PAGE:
Ubuntu – ‘chmod u+x’ versus ‘chmod +x’


What is the difference between chmod u+x and just chmod +x? I have seen a ton of tutorials that say to use u+x to make scripts executable. However, omitting the u doesn't seem to have any effect.

Best Answer

The man page of chmod covers that.

  • u stands for user.
  • g stands for group.
  • o stands for others.
  • a stands for all.

That means that chmod u+x somefile will grant only the owner of that file execution permissions whereas chmod +x somefile is the same as chmod a+x somefile.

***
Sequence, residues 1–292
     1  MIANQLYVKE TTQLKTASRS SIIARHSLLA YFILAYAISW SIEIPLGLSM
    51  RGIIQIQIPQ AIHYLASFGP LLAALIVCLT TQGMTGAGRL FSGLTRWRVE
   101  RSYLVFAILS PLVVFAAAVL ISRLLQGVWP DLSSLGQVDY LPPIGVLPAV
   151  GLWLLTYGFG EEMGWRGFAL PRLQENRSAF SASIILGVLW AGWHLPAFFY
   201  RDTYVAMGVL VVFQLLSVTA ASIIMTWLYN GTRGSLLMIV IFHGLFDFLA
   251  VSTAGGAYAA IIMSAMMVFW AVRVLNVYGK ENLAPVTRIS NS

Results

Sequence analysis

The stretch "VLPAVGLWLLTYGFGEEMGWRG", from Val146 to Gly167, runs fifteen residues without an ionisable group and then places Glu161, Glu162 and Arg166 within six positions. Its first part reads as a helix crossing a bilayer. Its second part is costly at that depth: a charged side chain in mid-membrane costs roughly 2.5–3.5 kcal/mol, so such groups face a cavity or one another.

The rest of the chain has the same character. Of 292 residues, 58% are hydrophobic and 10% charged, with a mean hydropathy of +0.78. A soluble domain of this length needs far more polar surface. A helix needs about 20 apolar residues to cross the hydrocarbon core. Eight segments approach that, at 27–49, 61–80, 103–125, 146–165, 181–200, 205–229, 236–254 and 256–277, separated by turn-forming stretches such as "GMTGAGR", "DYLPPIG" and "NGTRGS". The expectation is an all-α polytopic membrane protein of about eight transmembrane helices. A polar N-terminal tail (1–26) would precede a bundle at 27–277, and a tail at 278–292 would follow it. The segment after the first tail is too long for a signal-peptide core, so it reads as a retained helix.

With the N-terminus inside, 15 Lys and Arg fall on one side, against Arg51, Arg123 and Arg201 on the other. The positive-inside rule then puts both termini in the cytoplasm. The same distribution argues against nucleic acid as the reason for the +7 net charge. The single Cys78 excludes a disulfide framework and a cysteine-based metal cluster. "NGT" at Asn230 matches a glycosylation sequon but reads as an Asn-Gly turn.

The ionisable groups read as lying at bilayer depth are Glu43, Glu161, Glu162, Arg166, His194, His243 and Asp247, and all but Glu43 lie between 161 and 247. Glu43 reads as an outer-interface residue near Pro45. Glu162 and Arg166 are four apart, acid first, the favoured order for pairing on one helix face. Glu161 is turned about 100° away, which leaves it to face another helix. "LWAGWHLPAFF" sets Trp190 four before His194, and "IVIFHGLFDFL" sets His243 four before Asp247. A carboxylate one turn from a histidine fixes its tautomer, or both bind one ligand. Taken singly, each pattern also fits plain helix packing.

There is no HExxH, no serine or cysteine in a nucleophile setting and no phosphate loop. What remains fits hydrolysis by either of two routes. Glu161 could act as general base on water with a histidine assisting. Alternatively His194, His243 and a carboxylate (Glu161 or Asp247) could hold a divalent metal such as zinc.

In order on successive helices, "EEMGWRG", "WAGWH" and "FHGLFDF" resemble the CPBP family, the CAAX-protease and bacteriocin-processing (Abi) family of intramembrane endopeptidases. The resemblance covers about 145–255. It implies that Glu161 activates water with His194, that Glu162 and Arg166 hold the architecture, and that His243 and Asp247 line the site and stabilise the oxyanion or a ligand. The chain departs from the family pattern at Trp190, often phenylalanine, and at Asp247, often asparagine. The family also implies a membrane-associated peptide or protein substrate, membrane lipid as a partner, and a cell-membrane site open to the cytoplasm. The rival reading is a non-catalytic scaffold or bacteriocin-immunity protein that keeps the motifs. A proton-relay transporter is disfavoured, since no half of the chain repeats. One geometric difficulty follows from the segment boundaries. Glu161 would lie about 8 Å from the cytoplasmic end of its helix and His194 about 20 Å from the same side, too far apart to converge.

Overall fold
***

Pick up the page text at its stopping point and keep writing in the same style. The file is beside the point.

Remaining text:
The chmod man page says:

The format of a symbolic mode is [ugoa...][[+-=][rwxXstugo...]...][,...]. Multiple symbolic operations can be given, separated by commas.

A combination of the letters 'ugoa' controls which users' access to the file will be changed: the user who owns it (u), other users in the file's group (g), other users not in the file's group (o), or all users (a). If none of these are given, the effect is as if 'a' were given, but bits that are set in the umask are not affected.